To give you a sense of this article, let me begin by quoting from the very end of the piece:
I offer one final surreal footnote to this strange juxtaposition of reading the real news while listening to the mytho-history that a Eric Holder constructed from the death of Trayvon Martin to indict both the police and the public.
What were the names of two of the men suspected of being the ones who last week shot it out with the Santa Rosa jeweler as Eric Holder demagogued the Trayvon Martin shooting?
Traveon Banks-Austin and Alexander Tyvon Brandon.
And so the tragedy continues.
Mr. Hansen’s point, apparently, is, “See the similarity of the names?! Traveon and Tyvon and Trayvon. Do you see it? That just proves that Trayvon was up to no good, that Zimmerman had good cause to suspect him, and that Trayvon deserved what he got.”
I could stop here, which would be more merciful on you and on me, without even going into the rest of his article because this finale speaks for itself to those who are not regular NRO readers and true believers in the NRO version of reality.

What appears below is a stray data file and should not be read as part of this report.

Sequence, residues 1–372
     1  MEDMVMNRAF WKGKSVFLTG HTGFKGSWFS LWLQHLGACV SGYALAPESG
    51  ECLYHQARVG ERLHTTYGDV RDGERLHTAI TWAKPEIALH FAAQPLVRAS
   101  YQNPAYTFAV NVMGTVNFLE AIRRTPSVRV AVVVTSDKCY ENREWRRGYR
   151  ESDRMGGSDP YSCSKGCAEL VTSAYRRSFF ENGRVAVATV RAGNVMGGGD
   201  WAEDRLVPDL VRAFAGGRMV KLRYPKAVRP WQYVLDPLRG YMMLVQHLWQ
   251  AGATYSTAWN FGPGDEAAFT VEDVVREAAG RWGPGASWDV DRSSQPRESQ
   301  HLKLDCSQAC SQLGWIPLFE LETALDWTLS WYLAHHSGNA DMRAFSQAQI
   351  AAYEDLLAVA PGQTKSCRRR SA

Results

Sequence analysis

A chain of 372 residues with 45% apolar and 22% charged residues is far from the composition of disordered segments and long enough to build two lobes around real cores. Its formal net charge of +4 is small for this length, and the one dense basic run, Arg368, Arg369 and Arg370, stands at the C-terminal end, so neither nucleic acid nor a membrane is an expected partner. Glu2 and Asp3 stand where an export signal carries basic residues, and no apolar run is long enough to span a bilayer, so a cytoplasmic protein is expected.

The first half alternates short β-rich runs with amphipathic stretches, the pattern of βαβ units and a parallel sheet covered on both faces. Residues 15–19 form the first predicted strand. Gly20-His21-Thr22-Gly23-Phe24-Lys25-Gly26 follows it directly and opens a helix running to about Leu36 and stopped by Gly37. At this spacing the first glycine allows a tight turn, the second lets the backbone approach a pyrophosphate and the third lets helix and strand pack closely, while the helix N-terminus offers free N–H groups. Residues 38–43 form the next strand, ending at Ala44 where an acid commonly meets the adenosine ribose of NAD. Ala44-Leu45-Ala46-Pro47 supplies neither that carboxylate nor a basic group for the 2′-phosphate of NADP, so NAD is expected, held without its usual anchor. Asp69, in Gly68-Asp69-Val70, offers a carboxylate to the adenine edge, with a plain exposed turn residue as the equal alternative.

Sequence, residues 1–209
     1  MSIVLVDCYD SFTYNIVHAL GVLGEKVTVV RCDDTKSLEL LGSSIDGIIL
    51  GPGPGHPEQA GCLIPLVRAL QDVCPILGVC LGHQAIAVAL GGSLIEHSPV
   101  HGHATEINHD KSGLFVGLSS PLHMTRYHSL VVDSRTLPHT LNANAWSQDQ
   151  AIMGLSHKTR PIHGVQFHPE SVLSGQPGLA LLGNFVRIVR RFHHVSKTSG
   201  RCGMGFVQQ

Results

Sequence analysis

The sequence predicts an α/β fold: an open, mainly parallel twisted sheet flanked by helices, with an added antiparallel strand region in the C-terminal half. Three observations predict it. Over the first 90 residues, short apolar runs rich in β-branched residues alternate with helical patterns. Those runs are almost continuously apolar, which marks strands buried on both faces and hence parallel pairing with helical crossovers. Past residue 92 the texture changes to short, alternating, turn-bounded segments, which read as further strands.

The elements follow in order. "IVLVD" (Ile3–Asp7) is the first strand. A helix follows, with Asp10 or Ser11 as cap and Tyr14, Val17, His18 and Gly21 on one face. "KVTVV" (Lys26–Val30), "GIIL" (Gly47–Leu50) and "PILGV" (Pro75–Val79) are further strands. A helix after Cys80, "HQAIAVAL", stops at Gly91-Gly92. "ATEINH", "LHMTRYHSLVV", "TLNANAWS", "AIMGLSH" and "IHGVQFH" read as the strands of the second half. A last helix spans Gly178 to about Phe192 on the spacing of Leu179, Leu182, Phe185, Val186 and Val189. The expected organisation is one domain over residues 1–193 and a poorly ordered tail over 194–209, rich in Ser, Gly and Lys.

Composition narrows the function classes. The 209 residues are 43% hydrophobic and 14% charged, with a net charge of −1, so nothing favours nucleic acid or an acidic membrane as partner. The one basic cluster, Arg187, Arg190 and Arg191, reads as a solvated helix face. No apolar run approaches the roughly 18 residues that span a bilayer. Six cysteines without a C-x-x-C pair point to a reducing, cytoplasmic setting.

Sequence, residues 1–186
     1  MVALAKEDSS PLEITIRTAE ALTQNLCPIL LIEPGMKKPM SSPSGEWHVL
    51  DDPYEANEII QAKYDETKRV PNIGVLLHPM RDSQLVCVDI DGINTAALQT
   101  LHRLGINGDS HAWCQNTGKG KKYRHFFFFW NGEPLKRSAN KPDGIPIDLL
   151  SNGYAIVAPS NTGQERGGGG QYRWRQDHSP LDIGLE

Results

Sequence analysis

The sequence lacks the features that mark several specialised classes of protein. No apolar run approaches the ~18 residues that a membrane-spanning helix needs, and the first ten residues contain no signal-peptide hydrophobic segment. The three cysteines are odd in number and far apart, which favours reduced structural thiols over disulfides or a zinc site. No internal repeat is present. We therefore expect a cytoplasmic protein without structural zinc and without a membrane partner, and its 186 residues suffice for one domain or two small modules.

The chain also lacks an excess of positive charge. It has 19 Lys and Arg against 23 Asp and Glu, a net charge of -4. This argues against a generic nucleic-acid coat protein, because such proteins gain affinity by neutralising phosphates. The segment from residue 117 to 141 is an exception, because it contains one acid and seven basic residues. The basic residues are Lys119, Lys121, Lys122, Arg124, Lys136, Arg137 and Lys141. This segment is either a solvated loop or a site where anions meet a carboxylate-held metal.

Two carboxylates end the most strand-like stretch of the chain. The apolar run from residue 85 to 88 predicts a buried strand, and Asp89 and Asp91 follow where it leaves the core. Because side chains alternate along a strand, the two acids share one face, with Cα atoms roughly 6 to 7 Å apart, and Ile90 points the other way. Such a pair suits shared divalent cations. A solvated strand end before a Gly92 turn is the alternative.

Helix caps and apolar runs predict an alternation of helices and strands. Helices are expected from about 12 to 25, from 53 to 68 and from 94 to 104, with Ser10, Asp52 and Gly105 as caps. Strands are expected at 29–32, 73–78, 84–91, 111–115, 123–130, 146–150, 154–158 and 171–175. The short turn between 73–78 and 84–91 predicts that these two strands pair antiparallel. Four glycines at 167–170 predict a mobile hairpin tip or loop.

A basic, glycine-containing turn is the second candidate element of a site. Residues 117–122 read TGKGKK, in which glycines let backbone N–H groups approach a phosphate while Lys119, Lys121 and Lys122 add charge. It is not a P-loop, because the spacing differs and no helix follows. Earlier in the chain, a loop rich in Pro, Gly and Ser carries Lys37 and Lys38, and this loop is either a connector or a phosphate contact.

After spending the entirety of his article claiming that racism is a thing of the past, that Trayvon and those like him have more to fear from fellow blacks than whites, that Zimmerman’s murder of Trayvon Martin was not a racial incident of any kind since Zimmerman’s a “Latino of mixed heritage,” and that what some think is white racism is really merely a rational reaction to the criminal propensity of “young, black males” and if blacks would stop committing so many crimes then people being suspicious of them would simply stop, he ends with this spurious syllogism: you see, these two robbery suspects have names that are very similar to Trayvon’s. His reasoning goes like this:
Major Premise: All young black males are criminally prone.
Minor Premise: Two suspects of a robbery who are black males have similar sounding names to Trayvon.
Deductive Conclusion: Therefore Trayvon Martin was a criminal.